YUBA COUNTY (CBS SF) — Standing in smoke-filled, burned-out Yuba County park, Gov. Gavin Newsom blamed ‘a climate emergency’ for the historic outbreak of wildfires across Northern California that have claimed at least 14 lives, destroyed hundreds of homes and laid to waste more than 3 million acres of land.
Newsom was visiting the site of the North Complex West Zone — formerly known as the Bear Fire — that has ravaged communities near Oroville Lake.READ MORE: Looming La Niña May Push Western Drought From Bad to Worse
“If you don’t believe in science, I hope you believe in observed evidence,” Newsom said. “You walk around this community, you walk around Lake Oroville — you see a reality — a reality that has set in in this state in very indelible ways. That is we are in midst of a climate crisis. We are in the midst of a climate emergency.”
“We are experiencing weather conditions of the likes we’ve never experienced in our lifetime,” he added. “We are experiencing what so many people predicted decades and decades ago. But all of that now is reality.”
Newsom further emphasized his point by going through a litany of weather milestones just over the last several months.
“Mother Nature is physics, biology and chemistry,” Newsom said. “She bats last and she bats 1,000. That’s the reality was are facing. The smash-mouth reality. This perfect storm. The debate is over around climate change. Just come to the state of California. Observe it with your own eyes…The extreme droughts, the extreme atmospheric rivers, the extreme heat. Just think in the last few weeks alone we have experienced the hottest August in California history. We had 14,000 dry lightning strikes over a three-day period.”
“We are experiencing world record breaking temperatures in the state of California — 130 degrees. We had 121-degree temperatures in LA County.”
Three of the top four wildfire outbreaks in state history — No. 1 August Complex, No 3. SCU Lightning Complex and No. 4 LNU Lightning Complex — were still burning as of Friday.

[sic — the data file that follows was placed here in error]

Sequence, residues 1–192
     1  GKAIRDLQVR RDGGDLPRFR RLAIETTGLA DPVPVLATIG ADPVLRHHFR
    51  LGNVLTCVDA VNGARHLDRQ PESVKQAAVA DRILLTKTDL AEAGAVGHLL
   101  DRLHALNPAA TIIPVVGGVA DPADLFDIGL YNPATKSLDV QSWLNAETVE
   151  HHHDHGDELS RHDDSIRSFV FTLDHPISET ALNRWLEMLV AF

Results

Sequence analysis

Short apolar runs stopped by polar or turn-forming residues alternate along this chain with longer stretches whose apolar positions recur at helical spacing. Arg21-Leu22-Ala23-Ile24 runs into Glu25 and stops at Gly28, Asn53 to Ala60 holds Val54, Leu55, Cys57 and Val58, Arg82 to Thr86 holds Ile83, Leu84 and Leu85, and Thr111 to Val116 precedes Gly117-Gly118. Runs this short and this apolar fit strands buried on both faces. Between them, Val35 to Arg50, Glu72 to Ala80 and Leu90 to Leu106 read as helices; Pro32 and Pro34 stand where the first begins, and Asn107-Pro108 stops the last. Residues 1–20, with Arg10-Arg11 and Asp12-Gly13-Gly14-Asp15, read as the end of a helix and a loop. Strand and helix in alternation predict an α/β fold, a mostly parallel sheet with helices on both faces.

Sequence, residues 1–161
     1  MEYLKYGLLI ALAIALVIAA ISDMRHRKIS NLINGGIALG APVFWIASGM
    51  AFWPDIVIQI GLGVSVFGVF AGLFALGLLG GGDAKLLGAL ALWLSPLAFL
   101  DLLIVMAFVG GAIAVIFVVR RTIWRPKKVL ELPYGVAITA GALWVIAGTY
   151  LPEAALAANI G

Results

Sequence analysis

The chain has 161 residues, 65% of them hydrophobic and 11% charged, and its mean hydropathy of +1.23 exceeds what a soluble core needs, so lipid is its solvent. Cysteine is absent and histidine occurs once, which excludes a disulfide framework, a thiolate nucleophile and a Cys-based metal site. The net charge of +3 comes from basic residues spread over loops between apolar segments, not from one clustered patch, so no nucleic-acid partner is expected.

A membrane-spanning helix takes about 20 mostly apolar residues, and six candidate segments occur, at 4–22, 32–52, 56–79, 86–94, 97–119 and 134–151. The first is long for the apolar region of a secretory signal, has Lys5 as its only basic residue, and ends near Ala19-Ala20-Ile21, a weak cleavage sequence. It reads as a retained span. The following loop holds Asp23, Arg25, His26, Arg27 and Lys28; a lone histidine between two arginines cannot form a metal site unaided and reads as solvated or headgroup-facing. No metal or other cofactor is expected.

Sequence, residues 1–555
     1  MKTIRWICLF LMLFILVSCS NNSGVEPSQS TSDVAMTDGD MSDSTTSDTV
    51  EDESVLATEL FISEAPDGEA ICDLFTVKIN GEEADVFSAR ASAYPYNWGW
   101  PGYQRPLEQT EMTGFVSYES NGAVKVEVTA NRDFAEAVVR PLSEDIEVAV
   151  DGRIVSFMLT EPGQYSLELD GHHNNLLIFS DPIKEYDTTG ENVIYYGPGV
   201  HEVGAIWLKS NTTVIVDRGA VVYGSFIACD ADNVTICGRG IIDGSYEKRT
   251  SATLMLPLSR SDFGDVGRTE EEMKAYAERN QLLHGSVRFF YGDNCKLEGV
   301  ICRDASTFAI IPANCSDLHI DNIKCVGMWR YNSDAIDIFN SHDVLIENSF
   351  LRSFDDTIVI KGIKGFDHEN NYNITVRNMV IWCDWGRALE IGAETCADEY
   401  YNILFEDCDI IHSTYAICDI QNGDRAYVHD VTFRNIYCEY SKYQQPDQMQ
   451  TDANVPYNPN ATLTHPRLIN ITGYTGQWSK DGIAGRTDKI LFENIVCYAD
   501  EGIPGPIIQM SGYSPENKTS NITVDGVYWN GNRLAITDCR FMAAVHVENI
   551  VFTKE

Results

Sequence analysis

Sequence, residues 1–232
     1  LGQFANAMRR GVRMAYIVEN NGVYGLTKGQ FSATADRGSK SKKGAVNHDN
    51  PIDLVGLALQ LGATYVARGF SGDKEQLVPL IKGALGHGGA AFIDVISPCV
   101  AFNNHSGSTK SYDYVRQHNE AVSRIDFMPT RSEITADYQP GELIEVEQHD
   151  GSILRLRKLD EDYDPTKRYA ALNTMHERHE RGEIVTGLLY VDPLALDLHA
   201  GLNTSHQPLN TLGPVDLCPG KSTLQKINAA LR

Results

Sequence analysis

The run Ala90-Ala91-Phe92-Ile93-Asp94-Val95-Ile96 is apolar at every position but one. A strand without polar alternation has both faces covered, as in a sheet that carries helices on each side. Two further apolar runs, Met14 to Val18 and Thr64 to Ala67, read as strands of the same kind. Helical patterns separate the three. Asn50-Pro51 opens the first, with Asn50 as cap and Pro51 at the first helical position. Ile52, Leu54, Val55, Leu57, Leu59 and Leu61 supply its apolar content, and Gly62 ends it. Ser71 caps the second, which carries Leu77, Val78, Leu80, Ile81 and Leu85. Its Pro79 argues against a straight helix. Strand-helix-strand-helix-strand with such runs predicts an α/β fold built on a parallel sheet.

The North Complex West Zone has proven to be the most deadly — claiming at least 9 lives with 19 or more still missing. The LNU Complex fire claimed five lives in Napa and Solano counties.
At a Friday evening fire update, Butte County Sheriff Kory Honea said the death toll had dropped by one. Deputies found what they thought were skeletal remains in a burned out shed, but closer inspection revealed that it was what was left of a charred anatomical skeleton used for the study of anthropology.
Honea did released the name of one of those fire victims after her remains were identified and her next of kin contacted. The body of 77-year-old Millicent Catarancuic was discovered near a vehicle in Berry Creek. The remains of two other individuals were found nearby but have yet to be identified.
Among the missing were Sandy Butler and her husband, who had called their son to say they were going to try to escape the flames by finding shelter in a pond.
They have not been heard from since that call.
“We’re still hoping and praying for good news,” said Jessica Fallon, who has two children with the Butler’s grandson and considers them her own grandparents. “Everything is replaceable, but not my grandparents’ lives. I’d rather lose everything than those two. They kind of held the family together.”
Fallon said she’d been peppering hospitals with phone calls in search of her grandparents. There was no word of them late Thursday night.